However, this will not be the case if directors have acted improperly and breached their fiduciary duties or abused the loan scheme. While wrongful trading provisions have been temporarily suspended in response to the Covid-19 outbreak, other provisions of the Insolvency Act and Companies Act remain in full force and operation.
Directors need to be mindful of potential misconduct and the issue of ‘preference payments’. Bounce back loans can be used to refinance existing liabilities, but great caution needs to be exercised.
If the company cannot pay back the loan the bank or a liquidator may well investigate where it went and conclude that it was “stolen” from the company. The veil of incorporation will be lifted and you will be personally liable for the debts. In addition you may well be disqualified from being a director of a company. So basically it is not worth it.
Making a preferential payment with Bounce Back loans
One particular area for concern if a company cannot afford to repay the Bounce Back loan is preferential payments. Using the Bounce Back loan to repay borrowing with a personal guarantee attached, may be deemed a preferential payment. Similarly, using the bounce back loan to repay personal borrowing previously lent to a company (e.g. from friends and family), may be deemed a preferential payment.
A liquidator or administrator will look to claim back these preferential payments.
Understanding Bounce Back Loans and director duties
A company director must act properly at all times. A director must use company resources to promote the success of the company, and not for personal means/gain. Where this does not happen and a director acts unreasonably or irresponsibly, misfeasance may occur.
Misfeasance is where a director breaches their statutory and fiduciary duties. It can include purposely or willfully mishandling or misappropriating company funds. The absence of a personal guarantee can make no difference to the risk of personal liability. Proven misfeasance puts a director’s personal assets at risk, and may also result in them being disqualified as a director.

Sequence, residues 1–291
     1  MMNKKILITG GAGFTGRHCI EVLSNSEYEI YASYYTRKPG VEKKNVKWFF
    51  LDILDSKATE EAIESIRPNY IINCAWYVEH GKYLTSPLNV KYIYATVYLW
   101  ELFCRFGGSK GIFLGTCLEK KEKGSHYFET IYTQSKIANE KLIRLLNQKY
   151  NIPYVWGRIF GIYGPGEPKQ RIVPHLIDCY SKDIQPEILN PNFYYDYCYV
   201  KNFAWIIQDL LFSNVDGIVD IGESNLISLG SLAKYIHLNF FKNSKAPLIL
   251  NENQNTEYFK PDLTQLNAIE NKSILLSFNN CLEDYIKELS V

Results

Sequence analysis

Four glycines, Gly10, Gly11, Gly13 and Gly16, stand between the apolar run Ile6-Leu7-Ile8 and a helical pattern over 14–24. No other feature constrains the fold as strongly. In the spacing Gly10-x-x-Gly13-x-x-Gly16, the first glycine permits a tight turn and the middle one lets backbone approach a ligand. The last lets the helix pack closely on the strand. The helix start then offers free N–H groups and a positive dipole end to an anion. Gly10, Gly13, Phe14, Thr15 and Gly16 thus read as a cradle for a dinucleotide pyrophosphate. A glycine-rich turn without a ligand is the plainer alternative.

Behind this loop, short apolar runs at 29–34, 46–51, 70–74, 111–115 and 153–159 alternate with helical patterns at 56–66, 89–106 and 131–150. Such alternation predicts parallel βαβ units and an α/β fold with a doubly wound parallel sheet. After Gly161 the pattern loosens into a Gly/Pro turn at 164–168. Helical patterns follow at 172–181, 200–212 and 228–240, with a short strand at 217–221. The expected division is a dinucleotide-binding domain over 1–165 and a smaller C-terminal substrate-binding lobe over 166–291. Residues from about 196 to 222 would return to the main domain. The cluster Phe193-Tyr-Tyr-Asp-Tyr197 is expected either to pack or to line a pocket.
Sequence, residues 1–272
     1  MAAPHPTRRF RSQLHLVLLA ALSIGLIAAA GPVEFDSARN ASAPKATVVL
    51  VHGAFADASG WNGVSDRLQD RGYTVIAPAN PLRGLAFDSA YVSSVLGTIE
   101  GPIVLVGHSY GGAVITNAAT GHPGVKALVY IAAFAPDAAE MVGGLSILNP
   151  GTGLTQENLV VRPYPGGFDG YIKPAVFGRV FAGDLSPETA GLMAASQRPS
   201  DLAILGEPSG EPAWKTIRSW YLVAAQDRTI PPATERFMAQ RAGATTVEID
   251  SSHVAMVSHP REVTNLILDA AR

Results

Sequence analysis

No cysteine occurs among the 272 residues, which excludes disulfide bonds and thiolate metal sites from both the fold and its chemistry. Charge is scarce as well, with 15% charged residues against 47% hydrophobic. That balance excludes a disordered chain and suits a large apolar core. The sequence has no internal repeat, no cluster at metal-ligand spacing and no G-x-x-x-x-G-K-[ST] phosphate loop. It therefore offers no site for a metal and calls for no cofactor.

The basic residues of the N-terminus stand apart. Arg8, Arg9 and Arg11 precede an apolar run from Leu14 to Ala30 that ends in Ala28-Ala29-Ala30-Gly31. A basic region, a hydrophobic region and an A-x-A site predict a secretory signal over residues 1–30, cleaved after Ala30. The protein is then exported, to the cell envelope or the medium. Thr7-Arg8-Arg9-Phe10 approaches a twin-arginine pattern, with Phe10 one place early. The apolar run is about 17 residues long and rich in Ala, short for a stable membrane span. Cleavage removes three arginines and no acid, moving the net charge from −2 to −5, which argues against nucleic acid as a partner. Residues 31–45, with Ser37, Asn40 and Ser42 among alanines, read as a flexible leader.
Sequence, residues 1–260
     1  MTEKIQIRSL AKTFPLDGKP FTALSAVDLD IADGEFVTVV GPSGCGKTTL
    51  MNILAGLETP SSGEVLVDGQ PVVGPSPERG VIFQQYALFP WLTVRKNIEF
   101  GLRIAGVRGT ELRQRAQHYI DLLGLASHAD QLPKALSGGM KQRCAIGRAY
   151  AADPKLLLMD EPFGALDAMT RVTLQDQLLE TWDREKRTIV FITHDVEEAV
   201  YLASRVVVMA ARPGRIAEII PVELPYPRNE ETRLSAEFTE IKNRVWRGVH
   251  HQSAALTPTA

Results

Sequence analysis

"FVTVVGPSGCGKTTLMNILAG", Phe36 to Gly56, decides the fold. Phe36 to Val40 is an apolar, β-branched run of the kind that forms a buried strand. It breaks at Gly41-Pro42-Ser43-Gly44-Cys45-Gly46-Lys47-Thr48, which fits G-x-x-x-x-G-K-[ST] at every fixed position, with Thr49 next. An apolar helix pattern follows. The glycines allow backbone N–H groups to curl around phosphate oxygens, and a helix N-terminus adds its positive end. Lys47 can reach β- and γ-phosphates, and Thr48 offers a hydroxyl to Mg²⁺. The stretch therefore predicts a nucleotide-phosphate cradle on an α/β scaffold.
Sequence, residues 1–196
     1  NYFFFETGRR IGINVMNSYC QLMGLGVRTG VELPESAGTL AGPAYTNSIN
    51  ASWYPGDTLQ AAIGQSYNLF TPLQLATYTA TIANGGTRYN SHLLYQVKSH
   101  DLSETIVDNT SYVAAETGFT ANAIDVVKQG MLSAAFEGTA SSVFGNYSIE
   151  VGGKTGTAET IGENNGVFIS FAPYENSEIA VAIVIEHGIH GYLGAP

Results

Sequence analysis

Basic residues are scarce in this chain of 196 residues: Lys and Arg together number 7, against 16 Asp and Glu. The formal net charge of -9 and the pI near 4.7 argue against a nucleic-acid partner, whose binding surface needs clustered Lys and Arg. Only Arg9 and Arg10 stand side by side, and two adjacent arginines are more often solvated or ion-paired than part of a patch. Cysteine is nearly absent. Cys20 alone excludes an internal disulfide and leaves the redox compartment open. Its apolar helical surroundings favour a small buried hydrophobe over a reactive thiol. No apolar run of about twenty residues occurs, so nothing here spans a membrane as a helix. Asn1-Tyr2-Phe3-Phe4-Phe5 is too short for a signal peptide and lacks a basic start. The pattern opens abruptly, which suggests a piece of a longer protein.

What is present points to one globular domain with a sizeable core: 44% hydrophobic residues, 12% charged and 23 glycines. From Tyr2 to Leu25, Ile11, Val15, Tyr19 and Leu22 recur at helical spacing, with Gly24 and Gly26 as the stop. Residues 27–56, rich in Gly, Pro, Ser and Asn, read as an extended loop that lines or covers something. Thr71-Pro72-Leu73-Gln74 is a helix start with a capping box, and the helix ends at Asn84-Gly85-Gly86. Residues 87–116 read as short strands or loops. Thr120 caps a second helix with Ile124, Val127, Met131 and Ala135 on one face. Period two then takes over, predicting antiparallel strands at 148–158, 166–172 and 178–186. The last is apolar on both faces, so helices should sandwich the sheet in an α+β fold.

The rules around preferential payments, transactions at an undervalue, fraudulent trading, and misfeasance (for not acting properly) have always been in place. These are all set out under the Insolvency Act 1986.
Could I be Held Personally Liable if I Don’t Pay Back the Bounce Back Loan?
For directors working under the limited company structure you are protected, by the nature of the company structure, from corporate insolvency. This means you have ‘limited liabiliy’ from any debt, unless you have signed what is called a ‘personal guarantee.’
In the case of Bounce Back Loans the same rules apply. One of the key factors of this type of finance was that the Government did not enforce personal guarantees or any form of security. As such, the government simply becomes an unsecured creditor when it comes to the pecking order of creditors waiting to be paid from an insolvent company.
When a company enters a formal insolvency procedure, the administrator or liquidator will investigate the reasons for the insolvency and look at the actions of the company directors in the period leading up to the insolvency. That will include how a Bounce Back Loan was used.
If they find that the Bounce Back Loan was not used in accordance with the terms of the agreement or certain creditors were paid in preference of others, the responsibility for repaying the loan may be passed to the company directors. If they cannot afford to repay the loan, their personal assets may be at risk and they could be made bankrupt
Receive Comprehensive Advice and Support
If you intend to use a Bounce Back Loan to repay existing debts or are concerned about potential personal liability issues arising from a Bounce Bank Loan, please contact our team of licensed insolvency practitioner. We will provide comprehensive advice and support to provide a vital layer of protection.